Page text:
So, here they are trying to classify all the righteous members who only have the attraction, but have never acted up it, they aren't gay, they only have the attraction. But as soon as you act upon it you're gay. That's how the church differentiates the terminology.

So my therapy is to force myself to kiss a woman, to go out on several dates with them. I thought this was interesting, my therapist says, "I want you to go out this next week, and do activities that are considered masculine." Isn't that so funny? So I said, "well can you clarify that, I don't know what you mean" He said, "I want you to go out and throw a football with one of your straight buddies or I want you to go to the gym and play basketball with all the guys at the gym." And I'm thinking, this is going to help me be straight?

But I'm still a member of the church and I'm thinking, if I'm going to beat this, I have to have faith that what he is teaching me is going to help me not be gay. If I have faith in what this man is telling me to do, I will be on a road to a cure. I thought, I'm going to the temple and if I'm reading my scriptures, and I'm fulfilling my calling as the ward mission leader, if I'm helping the missionaries, if I'm serving other people, and I'm forgetting myself in the Lord's work, he's going to take care of the rest. I fully believed that.

Okay, when did that fall apart for you?

As I became more and more ingrained with my therapist from LDS services, it just became more and more apparent, every single week, that this was doing nothing for me. I was more confused then I already was, and I thought to myself, why can't I feel that what he is telling me is best for me? Something inside of me, just my own intuition, me knowing me as a person, everything he was teaching me was fighting against who I was, and who I knew I wanted to be.

I never told my therapist, that I was going to find a psychiatrist that wasn't LDS, so just on my own, not telling my parents, not telling my bishop, I found a therapist that wasn't LDS, that was very liberal, very gay friendly, I started going to see her and she was actually a lesbian herself. So a couple of weeks go by, I tell her I was so suicidal, because the therapist from the church is telling me to date girls, and I'm trying to date as many girls as I can, but I guess I'm not feeling it, I'm not attracted to them, and I can't get myself to follow along. I keep thinking, I'm having faith, I've been going to the temple, I've been going to the temple, once if not twice a week. So I'm thinking to myself, okay, something is going to happen. Then I would think, well maybe I'm not going with enough faith, maybe I'm not going with an open mind. And maybe I'm not listening carefully enough to the temple ceremony, or the endowment session, maybe I'm doing this wrong. I kept beating myself up thinking, if I hadn't received an answer by now, if the Lord hasn't taken my attraction to other men away from me, I'm obviously doing something wrong.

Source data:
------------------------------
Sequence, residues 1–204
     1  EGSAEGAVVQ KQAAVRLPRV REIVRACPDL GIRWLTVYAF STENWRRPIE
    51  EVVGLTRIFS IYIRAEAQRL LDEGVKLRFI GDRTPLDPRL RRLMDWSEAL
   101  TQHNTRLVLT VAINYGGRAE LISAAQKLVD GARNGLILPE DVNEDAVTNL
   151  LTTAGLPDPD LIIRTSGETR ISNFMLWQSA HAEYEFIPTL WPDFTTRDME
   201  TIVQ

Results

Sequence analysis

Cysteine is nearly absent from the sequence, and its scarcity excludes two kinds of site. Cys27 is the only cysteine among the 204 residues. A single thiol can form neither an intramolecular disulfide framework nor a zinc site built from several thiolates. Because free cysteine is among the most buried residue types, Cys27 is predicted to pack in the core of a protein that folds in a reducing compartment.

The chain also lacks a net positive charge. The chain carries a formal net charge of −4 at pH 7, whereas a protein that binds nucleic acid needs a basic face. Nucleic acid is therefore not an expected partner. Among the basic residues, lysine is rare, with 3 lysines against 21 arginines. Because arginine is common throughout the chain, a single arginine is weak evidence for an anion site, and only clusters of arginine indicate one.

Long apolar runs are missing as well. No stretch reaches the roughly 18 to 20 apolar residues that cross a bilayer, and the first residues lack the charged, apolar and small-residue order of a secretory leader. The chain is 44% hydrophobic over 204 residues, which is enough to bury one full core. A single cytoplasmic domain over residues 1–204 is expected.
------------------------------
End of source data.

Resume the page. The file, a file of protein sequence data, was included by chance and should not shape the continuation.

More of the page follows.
I was literally beating myself up, I was so unhappy, I made the decision then and there that I was going to stop seeing the LDS therapist. And I was just going to continue to see my therapist that wasn't a part of the church. So I go to her and tell her, "you known, this church teaches me that I am a sinner and I'm this horrible person, me wanting to be with another man is going against God and I'm going to hell, and I won't be sealed to my family in the temple if I live my life this way."

She said, "you know what, all I'm going to tell you is you are at a very vulnerable time in your life, where you really have to decide, am I going to listen to other people and have them tell me how I should be and how I'm going to live my life? Or are you going to listen to your own heart and follow that." That's when I really said, "I'm not going to listen to anyone else, I'm not going to a therapist any more; I know who I am. I knew I wanted to be in a relationship with a man, have a family, that is what I want."

So that's when I stopped going to church and stopped going to the temple. That's when I decided to explore going on dates with men, and having a healthy relationship with a man. That's when I decided to really explore that side of who I was.

That's when you decided to stop going to church, was that hard to do?

Oh yeah, my bishop was wanting to meet with me every week, he wanted to know what I was doing. And I gave him that respect and I went in and saw him. He said the church doesn't have any doctrine or advice for a bishop for dealing with someone who is having trouble with homosexuality. There is no training, there is no teaching, he said at this point, I really don't know what to tell you anymore. I don't know what to say, I don't know what's right, I don't want to tell you something that's wrong. That was almost 6 years ago, I don't know what a bishop would tell a young man today, I would be curious to know what the church tells a young man or woman now, compared to what I was told back then. So that was the very last time that I saw my bishop.